Please support us in getting a fair inquest into the cause of Ella’s death. Last week the mayor of London, Sadiq Khan came out in support of the inquest writing to attorney general to also back the inquest.

The petition has reached over 96,000 signatures but we still need more. The link to the petition is

This isn’t just about justice of Ella but for all of those suffering with respiratory diseases and illnesses in air quality that is severely below standards. We need change and we need it now.


It’s Earth Overshoot Day

1st August 2018 is Earth Overshoot Day―this is the earliest date yet since the world went into ecological overshoot in the 1970s.


So what is Earth Overshoot Day?
This is the date when we (all of humanity) have used more from nature than our planet can renew in the entire year. We are using 1.7 Earths. How? By using more ecological resources and services than nature can regenerate through overfishing, overharvesting forests, and emitting more carbon dioxide into the atmosphere than ecosystems can absorb.

If everyone committed to #MoveTheDate 5 days each year, we could get out of global overshoot by 2050. Take your first step today! And use the hashtag to spread the word.

How many earths do we need?
If everyone lived like the average American, we would need 5 Earths. The average Russian, 3.3 Earths. And the average Brazilian, 1.8 Earths.


It would take 8.5 South Koreas to support South Koreans’ Ecological Footprint. It would take us in the UK,  4 times our nation to meet the demand for natural resources of UK residents. How does your country stack up?


Here’s how Earth Overshoot Day has changed over the last 50 years. A true apples-to-apples comparison of Earth Overshoot Days can only be made using the same edition of the National Footprint Accounts. The precise Earth Overshoot Day date for each year is less significant than the sheer magnitude of ecological overshoot.


What can we do? 

  • If we reduce driving by 50% around the world and assume one-third of car miles are replaced by public transportation and the rest by biking and walking, Earth Overshoot Day would move back 12 days.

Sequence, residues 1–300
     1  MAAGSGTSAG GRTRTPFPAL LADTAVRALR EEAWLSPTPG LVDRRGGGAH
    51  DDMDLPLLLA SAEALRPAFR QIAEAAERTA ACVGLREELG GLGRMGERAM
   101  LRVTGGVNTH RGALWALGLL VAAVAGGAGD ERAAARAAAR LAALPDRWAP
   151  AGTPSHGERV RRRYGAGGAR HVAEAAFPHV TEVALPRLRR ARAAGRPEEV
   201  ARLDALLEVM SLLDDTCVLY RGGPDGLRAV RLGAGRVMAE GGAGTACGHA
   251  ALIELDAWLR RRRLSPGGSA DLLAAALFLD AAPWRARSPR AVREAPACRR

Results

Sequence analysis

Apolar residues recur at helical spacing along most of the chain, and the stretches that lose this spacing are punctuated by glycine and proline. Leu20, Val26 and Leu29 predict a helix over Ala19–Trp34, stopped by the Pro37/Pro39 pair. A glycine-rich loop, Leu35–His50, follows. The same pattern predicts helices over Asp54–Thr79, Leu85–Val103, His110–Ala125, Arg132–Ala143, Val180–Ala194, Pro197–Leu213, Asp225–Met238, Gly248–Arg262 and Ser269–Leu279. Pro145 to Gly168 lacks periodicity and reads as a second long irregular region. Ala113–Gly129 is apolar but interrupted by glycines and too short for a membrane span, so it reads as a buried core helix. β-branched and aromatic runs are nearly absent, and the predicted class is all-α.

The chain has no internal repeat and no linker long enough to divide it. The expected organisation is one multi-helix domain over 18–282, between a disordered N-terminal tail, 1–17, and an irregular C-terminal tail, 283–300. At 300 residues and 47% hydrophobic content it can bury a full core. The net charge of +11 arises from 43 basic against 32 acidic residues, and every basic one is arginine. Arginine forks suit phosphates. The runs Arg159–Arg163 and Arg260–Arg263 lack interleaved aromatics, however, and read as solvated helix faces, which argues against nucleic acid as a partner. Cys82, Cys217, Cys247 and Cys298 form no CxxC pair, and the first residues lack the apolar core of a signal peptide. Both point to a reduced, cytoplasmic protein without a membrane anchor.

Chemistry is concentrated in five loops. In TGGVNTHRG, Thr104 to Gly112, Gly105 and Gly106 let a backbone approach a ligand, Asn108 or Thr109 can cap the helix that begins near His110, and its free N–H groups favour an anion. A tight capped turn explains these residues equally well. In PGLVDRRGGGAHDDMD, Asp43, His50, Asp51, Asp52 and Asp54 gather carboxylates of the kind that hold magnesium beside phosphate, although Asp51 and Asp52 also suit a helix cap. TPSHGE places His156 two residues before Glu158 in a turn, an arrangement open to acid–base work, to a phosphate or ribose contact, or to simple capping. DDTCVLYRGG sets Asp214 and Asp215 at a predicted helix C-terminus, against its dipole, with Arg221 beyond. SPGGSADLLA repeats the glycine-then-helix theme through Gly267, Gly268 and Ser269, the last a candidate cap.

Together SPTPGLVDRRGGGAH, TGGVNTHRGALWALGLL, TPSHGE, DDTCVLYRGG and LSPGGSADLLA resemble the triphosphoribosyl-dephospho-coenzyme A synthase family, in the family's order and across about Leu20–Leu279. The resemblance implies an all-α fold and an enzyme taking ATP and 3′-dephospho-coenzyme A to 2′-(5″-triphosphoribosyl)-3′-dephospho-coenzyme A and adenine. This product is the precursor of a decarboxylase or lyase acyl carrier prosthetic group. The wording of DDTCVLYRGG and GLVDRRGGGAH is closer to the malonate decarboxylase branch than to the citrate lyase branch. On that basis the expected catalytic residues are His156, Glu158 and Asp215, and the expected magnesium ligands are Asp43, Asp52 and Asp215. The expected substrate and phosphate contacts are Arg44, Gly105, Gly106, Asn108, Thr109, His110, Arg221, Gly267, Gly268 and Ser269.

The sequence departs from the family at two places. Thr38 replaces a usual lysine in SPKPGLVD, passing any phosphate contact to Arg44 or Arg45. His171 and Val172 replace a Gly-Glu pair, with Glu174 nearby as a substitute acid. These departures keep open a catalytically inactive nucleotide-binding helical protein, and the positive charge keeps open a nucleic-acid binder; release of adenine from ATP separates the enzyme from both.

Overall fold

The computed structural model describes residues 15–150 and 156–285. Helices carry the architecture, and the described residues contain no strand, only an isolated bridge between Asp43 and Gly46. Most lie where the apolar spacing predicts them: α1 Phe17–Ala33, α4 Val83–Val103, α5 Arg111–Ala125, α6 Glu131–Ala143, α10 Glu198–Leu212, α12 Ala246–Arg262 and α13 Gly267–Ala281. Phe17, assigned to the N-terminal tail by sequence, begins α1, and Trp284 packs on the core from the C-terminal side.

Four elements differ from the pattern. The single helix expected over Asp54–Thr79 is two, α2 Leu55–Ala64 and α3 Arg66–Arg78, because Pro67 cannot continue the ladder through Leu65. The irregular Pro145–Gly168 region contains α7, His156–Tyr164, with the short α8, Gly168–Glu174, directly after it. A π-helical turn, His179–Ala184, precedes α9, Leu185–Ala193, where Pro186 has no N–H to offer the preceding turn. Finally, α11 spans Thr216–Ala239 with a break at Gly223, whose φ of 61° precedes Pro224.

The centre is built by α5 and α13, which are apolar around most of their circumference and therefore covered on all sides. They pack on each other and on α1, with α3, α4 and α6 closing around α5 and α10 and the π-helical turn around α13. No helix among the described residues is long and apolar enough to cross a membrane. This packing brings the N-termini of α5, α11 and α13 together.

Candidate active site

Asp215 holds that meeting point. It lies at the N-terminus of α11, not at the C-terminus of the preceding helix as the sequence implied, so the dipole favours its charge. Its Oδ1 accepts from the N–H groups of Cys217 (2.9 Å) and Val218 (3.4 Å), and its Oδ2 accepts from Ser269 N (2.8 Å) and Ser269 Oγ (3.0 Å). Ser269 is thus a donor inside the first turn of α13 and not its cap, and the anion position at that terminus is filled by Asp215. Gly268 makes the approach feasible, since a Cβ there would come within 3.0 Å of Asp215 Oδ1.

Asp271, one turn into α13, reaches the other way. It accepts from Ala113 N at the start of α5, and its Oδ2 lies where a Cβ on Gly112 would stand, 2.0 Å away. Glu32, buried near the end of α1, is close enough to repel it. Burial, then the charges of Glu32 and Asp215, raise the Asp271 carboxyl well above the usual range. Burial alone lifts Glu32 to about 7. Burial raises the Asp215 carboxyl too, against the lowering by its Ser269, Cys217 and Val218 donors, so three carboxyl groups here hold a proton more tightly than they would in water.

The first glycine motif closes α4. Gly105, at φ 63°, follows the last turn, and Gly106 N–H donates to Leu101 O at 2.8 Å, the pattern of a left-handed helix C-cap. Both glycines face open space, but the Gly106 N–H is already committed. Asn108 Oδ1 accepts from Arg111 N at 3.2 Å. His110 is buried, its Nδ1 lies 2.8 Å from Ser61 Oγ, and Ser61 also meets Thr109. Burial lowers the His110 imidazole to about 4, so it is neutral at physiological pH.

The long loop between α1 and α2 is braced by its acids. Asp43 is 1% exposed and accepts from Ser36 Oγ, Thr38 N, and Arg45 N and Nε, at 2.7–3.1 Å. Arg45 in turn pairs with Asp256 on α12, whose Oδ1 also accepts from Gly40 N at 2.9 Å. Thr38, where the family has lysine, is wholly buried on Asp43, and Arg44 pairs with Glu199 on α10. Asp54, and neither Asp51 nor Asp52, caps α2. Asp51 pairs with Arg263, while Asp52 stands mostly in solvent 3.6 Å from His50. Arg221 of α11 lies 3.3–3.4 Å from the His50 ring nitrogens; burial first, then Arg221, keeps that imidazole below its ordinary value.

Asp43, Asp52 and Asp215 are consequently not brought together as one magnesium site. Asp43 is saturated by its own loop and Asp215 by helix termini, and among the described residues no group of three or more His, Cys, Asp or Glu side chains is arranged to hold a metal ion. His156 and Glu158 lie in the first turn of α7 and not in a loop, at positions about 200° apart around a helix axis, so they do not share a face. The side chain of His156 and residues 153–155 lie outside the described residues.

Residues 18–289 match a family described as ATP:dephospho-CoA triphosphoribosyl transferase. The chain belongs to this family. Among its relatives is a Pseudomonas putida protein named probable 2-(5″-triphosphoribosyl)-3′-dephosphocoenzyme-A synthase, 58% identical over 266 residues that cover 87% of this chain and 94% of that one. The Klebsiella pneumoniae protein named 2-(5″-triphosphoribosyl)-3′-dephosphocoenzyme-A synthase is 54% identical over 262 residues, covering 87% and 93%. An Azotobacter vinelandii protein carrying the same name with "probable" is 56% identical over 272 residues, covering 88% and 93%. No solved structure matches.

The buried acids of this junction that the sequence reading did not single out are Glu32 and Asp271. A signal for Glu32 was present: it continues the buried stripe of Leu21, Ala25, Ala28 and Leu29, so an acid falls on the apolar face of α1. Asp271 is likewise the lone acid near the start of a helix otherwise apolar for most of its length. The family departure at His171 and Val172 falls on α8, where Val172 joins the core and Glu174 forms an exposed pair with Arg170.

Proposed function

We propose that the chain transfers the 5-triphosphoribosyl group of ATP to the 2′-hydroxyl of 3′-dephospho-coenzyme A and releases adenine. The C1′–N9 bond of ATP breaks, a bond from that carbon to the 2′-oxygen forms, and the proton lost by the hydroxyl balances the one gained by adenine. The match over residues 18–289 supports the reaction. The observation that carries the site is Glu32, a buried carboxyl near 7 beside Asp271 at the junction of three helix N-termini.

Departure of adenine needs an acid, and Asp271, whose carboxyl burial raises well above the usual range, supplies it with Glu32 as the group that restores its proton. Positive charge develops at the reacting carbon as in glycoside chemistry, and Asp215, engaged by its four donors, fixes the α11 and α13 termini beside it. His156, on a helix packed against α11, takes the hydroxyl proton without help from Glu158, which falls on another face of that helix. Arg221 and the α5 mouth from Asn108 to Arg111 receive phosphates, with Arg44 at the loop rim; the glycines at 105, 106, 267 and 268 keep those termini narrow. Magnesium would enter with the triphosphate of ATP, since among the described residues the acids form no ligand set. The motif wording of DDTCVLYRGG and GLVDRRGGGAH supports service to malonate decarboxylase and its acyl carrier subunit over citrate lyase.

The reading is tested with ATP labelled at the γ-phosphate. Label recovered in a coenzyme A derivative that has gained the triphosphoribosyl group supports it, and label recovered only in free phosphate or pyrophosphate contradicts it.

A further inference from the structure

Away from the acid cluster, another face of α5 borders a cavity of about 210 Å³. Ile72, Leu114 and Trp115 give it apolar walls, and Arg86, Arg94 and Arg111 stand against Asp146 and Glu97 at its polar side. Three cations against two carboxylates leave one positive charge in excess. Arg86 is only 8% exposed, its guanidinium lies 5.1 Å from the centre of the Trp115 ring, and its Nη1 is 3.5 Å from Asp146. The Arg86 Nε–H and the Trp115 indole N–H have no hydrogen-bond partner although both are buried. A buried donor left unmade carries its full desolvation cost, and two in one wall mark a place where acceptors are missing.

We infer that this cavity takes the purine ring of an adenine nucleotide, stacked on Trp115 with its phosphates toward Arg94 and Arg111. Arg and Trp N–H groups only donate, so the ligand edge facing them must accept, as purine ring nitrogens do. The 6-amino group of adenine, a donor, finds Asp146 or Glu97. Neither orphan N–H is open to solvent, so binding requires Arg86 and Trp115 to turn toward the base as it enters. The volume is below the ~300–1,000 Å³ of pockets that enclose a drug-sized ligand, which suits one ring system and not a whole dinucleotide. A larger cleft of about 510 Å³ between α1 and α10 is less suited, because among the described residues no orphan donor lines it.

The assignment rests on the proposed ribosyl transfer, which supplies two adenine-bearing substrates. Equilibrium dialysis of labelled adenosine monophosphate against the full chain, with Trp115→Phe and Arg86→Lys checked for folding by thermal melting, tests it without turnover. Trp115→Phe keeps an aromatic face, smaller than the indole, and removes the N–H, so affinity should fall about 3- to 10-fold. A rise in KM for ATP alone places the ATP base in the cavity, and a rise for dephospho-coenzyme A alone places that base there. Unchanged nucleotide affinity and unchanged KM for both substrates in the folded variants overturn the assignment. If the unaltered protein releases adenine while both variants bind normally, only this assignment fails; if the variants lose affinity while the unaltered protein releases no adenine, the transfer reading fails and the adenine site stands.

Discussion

• Mingle with the carpooling folks, or even the cyclists or public transit riders who you meet on the way to or from work every day.
  • If we reduced global meat consumption by 50% and replaced these calories with a vegetarian diet, we would move the date of Overshoot Day 5 days
  • If we cut food waste in half worldwide, we would move the date of Overshoot Day 11 days.
  • Clothing makes up 3% of the global Ecological Footprint. You can move the date by being intentional about clothing purchases and streamlining your wardrobe.

Thank you please visit their website to find out more.



Times Up

‘She was powerful, not because she wasn’t scared but because she went on so strongly, despite the fear.’


Many of you will have seen i’m raising much needed funds for 3 great causes. One of these is the Times Up UK Justice and Equality campaign.

This is a cause very close to my heart. I am so proud of all the women that have come forward and shared their pain so boldly. Thank you. Your bravery has given something which was not widely talked about, a platform. A platform so we can start to put an end to the suffering that goes on behind closed doors. The incidents which we are made to feel responsible for because of the way we walk, dress, talk, behave, our mere existence damnit!